How To Live Life to the Full Without a Full Schedule

My seven-year-old looked adorable in his basketball jersey. It hung down way past his waist, but he didn’t care. He was too excited for his first day of the basketball program through our YMCA: skills assessment day. He was one of the most enthusiastic participants on the gym floor, and we cheered him on from the bleachers. My husband volunteered to coach one of the teams, remembering with fondness his own early days of basketball.

A week later we discovered that the program was unable to accommodate my husband’s work schedule, and they assigned our son to a team that would be practicing late on Friday nights. We debated our options: should we inconvenience our whole family and allow our kids to stay up late every Friday? Or should we ask for a refund?

In John 10:10, Jesus tells us that he has come so that we may have life, and have it to the full. But full of what, I wonder? How can we live a full life without using our full schedules as an outward show of our own importance and worth?

There are three factors to determine when considering our full lives.

how to live life to the full without a full schedule

1. Determine Priorities

When it finally came time to send my youngest to kindergarten, I had great expectations of what I would accomplish with the sudden increase of my free time. I made goals for writing projects, a housekeeping schedule, a grocery and meal planning calendar, and I vowed to declutter my whole house Marie Kondo style. None of my plans, however, took into account the myriad of interruptions to my day. The struggling friend at school drop-off who needed a listening ear. An invitation to grab coffee. A ministry work meeting that ran long. 

When all I wanted to do was to check items off my to-do list, I was faced with a choice: will I put people first or projects first?

When our lives are too full to notice the people around us, we have lost our way. Determining my priorities helps me to make quick decisions when interruptions come my way.

2. Determine Motivation

The quickest way to burnout is to add a bunch of activities and obligations to my calendar just because I think I should. Just because everyone else’s kids are playing soccer doesn’t mean I have to join them. Just because all the other moms are volunteering at the school doesn’t mean I need to as well. We should be wary of adding things – even good things – to our calendars just because it’s what’s expected.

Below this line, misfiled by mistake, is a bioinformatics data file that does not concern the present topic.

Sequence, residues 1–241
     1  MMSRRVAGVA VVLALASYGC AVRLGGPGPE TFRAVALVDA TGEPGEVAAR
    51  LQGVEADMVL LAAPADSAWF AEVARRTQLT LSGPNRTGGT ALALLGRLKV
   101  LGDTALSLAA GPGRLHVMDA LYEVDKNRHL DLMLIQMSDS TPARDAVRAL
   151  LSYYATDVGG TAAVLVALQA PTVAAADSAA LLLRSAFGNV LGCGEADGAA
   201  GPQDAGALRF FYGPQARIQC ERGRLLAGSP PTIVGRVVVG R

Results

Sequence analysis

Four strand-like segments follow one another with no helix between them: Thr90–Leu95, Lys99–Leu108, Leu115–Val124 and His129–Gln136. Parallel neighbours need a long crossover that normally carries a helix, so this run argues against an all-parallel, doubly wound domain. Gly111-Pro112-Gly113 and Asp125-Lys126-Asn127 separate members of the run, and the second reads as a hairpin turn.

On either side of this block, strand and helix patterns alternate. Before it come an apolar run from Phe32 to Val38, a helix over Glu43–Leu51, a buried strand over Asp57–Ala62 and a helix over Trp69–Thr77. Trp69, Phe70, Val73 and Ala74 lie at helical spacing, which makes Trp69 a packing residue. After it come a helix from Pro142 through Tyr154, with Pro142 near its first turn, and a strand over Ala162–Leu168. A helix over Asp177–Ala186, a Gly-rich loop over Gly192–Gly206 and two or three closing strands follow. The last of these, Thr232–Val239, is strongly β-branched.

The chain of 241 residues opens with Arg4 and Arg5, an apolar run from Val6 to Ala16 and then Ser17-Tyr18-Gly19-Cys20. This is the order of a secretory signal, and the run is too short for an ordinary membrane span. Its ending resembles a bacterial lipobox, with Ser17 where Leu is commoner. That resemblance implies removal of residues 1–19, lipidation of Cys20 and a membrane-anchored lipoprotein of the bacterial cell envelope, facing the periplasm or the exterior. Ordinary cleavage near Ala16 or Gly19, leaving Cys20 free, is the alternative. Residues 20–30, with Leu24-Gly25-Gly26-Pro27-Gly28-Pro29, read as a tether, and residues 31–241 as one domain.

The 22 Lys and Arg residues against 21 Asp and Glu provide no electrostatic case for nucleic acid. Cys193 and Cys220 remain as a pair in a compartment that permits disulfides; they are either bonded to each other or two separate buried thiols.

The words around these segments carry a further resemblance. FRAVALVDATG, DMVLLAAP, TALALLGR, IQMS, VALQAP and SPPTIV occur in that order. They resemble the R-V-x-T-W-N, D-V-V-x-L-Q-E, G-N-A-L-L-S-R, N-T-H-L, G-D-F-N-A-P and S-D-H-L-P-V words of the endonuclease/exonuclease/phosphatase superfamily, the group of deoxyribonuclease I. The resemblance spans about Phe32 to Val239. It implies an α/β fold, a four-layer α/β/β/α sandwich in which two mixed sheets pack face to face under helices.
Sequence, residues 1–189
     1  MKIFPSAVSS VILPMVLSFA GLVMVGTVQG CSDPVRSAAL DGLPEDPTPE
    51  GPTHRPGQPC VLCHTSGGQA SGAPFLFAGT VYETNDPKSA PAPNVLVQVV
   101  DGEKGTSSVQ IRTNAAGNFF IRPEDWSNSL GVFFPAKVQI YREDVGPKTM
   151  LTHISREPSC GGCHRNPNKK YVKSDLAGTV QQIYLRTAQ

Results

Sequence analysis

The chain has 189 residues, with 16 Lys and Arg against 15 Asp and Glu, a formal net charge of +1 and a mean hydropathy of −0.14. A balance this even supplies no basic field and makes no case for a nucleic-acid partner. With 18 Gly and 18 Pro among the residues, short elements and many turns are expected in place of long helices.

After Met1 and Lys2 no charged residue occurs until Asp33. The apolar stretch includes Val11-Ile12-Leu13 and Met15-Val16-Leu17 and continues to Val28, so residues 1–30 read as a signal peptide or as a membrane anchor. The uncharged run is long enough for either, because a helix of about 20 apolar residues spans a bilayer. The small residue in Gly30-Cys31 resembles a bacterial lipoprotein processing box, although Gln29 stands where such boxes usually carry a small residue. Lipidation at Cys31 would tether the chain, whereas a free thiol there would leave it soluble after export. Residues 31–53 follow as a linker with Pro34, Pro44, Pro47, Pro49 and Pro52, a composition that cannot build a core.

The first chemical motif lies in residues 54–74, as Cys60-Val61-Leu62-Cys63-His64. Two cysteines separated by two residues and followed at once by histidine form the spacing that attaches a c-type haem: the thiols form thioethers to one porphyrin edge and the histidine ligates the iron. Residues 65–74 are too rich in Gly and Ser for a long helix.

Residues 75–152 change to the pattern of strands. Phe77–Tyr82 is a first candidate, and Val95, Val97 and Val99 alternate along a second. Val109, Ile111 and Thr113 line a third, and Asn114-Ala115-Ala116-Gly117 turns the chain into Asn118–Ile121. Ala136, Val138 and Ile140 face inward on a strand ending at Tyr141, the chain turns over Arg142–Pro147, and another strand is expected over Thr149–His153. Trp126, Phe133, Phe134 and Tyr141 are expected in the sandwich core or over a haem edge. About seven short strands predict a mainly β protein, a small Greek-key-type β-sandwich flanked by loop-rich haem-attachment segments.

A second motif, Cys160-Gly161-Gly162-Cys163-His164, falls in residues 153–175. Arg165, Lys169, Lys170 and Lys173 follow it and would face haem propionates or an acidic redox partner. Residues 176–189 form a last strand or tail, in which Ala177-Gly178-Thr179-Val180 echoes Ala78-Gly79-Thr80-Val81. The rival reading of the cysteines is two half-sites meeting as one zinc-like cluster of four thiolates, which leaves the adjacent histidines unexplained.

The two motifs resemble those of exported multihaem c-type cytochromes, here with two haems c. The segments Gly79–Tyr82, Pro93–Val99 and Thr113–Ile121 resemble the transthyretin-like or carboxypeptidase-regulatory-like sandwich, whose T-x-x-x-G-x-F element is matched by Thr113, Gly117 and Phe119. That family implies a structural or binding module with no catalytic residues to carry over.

Let’s determine our motivations when we pencil in another activity into our schedules. And let’s examine our hearts: do we anticipate this event or does it fill us with dread? Are we thankful or resentful? Is this activity serving the needs of my family or am I looking to impress, to fit in, or to please?

3. Determine the Source

I’ve tried to tackle my daily tasks out of my own strength and energy. It never ends well. I get trapped in a vicious cycle of caffeine, badly timed naps, and staying up too late. I’ve learned that I need to keep my relationship with Jesus central to everything else, and the best way to do that is to stay connected to God. That doesn’t mean adding more Bible studies or prayer groups to my week, it means abiding: intentionally setting aside time for Jesus. For me, that looks like waking up a bit before everyone else and praying in a way that involves stillness and listening. I ask God for the energy that I’ll need for the day, and for his help in discerning the best use of my time. Keeping my focus on the One who gives and sustains all life is the best way that I’ve found to abide in Him.

This isn’t to say that I don’t ever drink caffeine or take naps. But knowing the source of my strength helps me to ultimately put my trust in God.

A Rubber Band Life

We are rubber bands, and every time we add an activity to our schedule, we are stretched a little farther. At some point, it’s possible we may snap. I want to make sure that I can participate in my everyday life with joy instead of resentment, and take on responsibilities out of love instead of duty. That’s why we told our oldest son that instead of playing basketball through the YMCA, we would use the refund to buy a basketball hoop for our driveaway. Thankfully, he was excited at the prospect of playing with neighborhood friends, and is looking forward to one-on-one time with his dad. 

And it’s all happening on our own schedule.

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*Feature Photo by Towfiqu barbhuiya on Unsplash

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Sarah K. Butterfield is an author, speaker, and ministry leader who has a heart for empowering women to grow in their faith and be intentional with their time. She and her husband and two boys live in San Diego, where she writes about pursuing a deeper relationship with God in the midst of motherhood.

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